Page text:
So now there was an angry peloton and the Giro was stuck with an expensive Coppi who was no longer a potential Giro winner. The Giro director, Giuseppe Ambrosini, begged the riders to save the race by actively and aggressively competing. Fiorenzo Magni and several others wanted to help. When the race reached the mainland they fought hard and tried to make a brilliant race of it. As a professional and one of the greatest riders of the age, Magni expected to be recompensed in a generous way for his service. Ambrosini gravely disappointed Magni and the others with what they considered an insufficient monetary repayment for their efforts. The riders then deadened their efforts.

With this cloud of malaise hanging over the race, the Giro riders sullenly made their way north. In stage six, taking the pack over the mountains from Naples to L’Aquila, Arbos rider Nino Assirelli took off and had ridden more than one hundred kilometers alone when Swiss team domestique Carlo Clerici was able to bridge the gap. The two worked together with Clerici promising Assirelli the stage win if he would continue to work. Assirelli assented and the two riders proceeded to carve out a half-hour lead from the indifferent pack.

When it came time for the final sprint Clerici forgot his promise and wound it out, beating a dumbfounded Assirelli for the stage victory. Defilippis led in the main peloton thirty-four minutes later. Clerici, who had just become a naturalized Swiss citizen two months earlier, was a capable rider and the new leader. Why had this fuga di bidone occurred? The year before, when Clerici was an Italian and rode the Giro for the Welter team with Martini, he had defied his director’s orders and had worked for his friend Koblet. Now on the Swiss team, there would certainly be no chase from a grateful Koblet. It’s speculated that Coppi was still weak from his food poisoning and had no desire for a hard chase through the difficult Abruzzi countryside and probably used his power as the patron of the peloton to just let these no-hope riders have their day in the sun.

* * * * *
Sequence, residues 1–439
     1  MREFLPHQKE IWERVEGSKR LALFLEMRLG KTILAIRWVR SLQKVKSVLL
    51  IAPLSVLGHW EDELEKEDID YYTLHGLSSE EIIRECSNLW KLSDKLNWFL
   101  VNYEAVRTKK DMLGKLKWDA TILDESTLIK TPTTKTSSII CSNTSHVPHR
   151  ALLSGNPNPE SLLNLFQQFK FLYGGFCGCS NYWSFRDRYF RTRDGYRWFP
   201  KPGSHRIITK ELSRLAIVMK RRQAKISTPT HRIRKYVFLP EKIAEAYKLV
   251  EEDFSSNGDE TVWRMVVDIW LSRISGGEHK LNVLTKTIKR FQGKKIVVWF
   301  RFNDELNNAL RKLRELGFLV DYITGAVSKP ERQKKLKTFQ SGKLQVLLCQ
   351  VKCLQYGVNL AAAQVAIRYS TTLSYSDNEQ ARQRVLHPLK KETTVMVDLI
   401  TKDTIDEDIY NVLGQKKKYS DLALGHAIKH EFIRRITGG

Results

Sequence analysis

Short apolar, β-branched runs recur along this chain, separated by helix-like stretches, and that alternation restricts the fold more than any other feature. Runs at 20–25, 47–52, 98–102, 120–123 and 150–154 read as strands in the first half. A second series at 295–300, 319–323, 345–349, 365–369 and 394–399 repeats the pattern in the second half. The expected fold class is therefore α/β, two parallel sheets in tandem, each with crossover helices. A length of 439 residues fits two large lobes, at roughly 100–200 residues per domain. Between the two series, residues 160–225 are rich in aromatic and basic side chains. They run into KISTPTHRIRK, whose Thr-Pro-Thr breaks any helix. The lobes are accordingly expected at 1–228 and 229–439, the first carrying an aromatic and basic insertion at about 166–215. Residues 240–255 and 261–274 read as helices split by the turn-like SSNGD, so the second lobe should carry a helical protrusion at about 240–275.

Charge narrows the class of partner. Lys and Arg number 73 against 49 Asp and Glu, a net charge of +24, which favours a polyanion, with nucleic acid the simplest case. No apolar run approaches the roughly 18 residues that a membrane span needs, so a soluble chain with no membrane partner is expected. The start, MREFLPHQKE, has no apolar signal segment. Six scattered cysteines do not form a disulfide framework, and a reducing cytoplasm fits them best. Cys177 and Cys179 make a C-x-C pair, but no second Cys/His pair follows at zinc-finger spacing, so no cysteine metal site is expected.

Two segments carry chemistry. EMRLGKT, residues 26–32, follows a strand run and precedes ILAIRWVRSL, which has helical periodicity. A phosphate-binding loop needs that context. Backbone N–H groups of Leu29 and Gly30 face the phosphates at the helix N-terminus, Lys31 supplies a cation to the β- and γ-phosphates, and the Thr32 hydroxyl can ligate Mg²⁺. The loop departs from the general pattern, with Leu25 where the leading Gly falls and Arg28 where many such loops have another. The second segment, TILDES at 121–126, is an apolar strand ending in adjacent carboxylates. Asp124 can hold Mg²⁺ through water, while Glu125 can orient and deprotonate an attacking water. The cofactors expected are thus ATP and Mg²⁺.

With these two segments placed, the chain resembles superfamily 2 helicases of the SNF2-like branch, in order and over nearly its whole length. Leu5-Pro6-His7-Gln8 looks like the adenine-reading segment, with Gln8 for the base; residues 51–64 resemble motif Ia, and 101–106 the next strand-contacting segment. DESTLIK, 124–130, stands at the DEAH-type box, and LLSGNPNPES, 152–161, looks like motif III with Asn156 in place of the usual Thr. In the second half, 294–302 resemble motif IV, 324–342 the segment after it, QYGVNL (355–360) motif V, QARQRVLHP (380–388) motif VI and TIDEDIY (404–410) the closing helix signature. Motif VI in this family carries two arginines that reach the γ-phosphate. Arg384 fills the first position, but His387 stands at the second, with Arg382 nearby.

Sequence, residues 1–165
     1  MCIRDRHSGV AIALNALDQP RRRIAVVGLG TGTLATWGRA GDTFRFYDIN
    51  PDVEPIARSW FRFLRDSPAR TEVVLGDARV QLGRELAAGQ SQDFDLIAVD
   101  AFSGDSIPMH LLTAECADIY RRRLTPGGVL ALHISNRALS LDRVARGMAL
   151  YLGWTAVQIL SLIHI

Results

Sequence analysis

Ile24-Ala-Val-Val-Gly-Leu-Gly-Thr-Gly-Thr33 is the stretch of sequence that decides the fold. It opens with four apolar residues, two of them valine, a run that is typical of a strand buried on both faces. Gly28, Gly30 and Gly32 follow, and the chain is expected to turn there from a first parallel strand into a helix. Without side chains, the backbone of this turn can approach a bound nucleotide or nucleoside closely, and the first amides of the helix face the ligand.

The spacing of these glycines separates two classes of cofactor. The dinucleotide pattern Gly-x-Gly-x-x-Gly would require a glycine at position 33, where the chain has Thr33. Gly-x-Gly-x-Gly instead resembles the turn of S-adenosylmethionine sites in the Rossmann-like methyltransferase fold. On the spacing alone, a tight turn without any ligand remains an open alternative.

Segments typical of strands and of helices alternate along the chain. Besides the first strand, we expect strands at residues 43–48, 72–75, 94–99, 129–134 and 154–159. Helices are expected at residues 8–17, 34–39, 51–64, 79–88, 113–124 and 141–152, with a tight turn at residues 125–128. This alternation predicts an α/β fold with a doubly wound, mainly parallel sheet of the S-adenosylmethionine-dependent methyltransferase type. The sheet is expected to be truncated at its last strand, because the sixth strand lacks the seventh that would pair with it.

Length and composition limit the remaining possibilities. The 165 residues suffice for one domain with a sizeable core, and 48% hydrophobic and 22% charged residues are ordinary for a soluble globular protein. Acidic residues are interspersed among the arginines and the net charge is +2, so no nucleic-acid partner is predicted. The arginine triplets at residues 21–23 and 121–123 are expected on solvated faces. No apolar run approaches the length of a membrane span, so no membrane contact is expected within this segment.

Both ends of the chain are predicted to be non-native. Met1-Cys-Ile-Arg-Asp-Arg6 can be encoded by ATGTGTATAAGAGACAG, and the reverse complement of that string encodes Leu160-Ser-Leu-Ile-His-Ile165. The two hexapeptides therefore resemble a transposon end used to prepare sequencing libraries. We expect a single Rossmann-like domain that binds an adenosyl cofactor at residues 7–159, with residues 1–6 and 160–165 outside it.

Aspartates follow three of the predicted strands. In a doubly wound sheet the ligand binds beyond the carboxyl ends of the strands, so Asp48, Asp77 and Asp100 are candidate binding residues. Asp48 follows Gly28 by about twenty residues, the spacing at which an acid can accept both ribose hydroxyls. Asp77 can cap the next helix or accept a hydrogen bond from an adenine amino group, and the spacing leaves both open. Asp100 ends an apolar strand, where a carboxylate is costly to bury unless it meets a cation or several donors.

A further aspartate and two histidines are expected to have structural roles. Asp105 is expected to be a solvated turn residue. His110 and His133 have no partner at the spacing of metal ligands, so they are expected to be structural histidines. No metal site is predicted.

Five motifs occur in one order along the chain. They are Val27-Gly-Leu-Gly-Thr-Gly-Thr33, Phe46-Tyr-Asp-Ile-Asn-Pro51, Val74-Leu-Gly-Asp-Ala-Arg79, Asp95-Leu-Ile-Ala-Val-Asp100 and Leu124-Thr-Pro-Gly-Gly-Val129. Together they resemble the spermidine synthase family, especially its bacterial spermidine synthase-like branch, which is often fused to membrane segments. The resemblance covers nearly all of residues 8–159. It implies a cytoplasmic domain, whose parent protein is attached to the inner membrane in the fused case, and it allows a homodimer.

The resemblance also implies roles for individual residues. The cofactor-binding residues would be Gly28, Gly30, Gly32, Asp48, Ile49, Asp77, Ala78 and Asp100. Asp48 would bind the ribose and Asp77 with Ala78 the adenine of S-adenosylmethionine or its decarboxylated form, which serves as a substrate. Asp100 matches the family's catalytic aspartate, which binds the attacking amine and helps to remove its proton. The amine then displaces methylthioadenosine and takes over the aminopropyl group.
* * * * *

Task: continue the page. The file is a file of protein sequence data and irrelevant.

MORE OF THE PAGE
The General Classification at this point stood thus:
1. Carlo Clerici
2. Nino Assirelli @ 13 minutes 43 seconds
3. Gerrit Voorting @ 14 minutes 37 seconds
4. Edward Peeters @ 21 minutes 48 seconds
5. Thijs Roks @ 29 minutes 1 second
10. Fiorenzo Magni @ 34 minutes 19 seconds

Carlo Clerici in pink

Carlo Clerici in pink

Most observers and riders thought even this large lead would collapse under the weight of a Coppi assault once the time trial and Dolomite stages arrived. But as the race progressed, it turned out that Clerici was a good enough rider to defend his Pink Jersey, especially against a slow-moving and surly peloton. As the race headed north, over the next thirteen stages there was no real change in the classification. Clerici held on to his gigantic lead, fending off the few serious challenges.

Koblet won the only individual time trial, 42 kilometers at Riva del Garda, but Clerici acquitted himself well, losing only two and a half minutes. The time trial stage results show that while the aces had plenty of good form, they just had no intention of showing it during road stages:
1. Hugo Koblet
2. Fausto Coppi @ 27 seconds
3. Fiorenzo Magni @ 1 minute 58 seconds
4. Pasquale Fornara @ 1 minute 59 seconds
5. Nino Defilippis @ 2 minutes 8 seconds
6. Giorgio Albani @ 2 minutes 28 seconds
7. Carlo Clerici @ 2 minutes 32 seconds

That yielded the following standings:
1. Carlo Clerici
2. Gerrit Voorting @ 14 minutes 18 seconds
3. Nino Assirelli @ 20 minutes 25 seconds
4. Hugo Koblet @ 25 minutes 59 seconds

Coppi had more than bad oysters on his mind during this Giro. He had continued his affair with Giulia Locatelli and both of them had told their spouses that they wanted separations. During the Giro, the press finally tumbled upon Coppi’s disordered private life and the ensuing headlines made the reticent racer cringe. Italy was a deeply Catholic and more than slightly puritanical country in the 1950s. Italian writer and humorist Beppe Severgnini insists that for all the billboards of naked women strewn about Italy, this remains true today. The public reaction to Coppi’s affair was extremely negative. Yet, Giulia Locatelli was adamant about her desire to be with Coppi, even during the Giro. At this time racers were supposed to lead a monkish life and during races they were not officially allowed to have their wives or girlfriends around. In point of fact, the riders were quietly awash in women who were attracted to these famous athletes, just as today. Locatelli brazenly (considering the mores of the time, this word is really too mild) followed Coppi in a car as he rode the time trial. Observers thought they saw signs of stress in Coppi’s manner. Not only was the campionissimo not really racing, a stupid running argument he had with Swiss rider Emilio Croci-Torti finally broke out into a fight.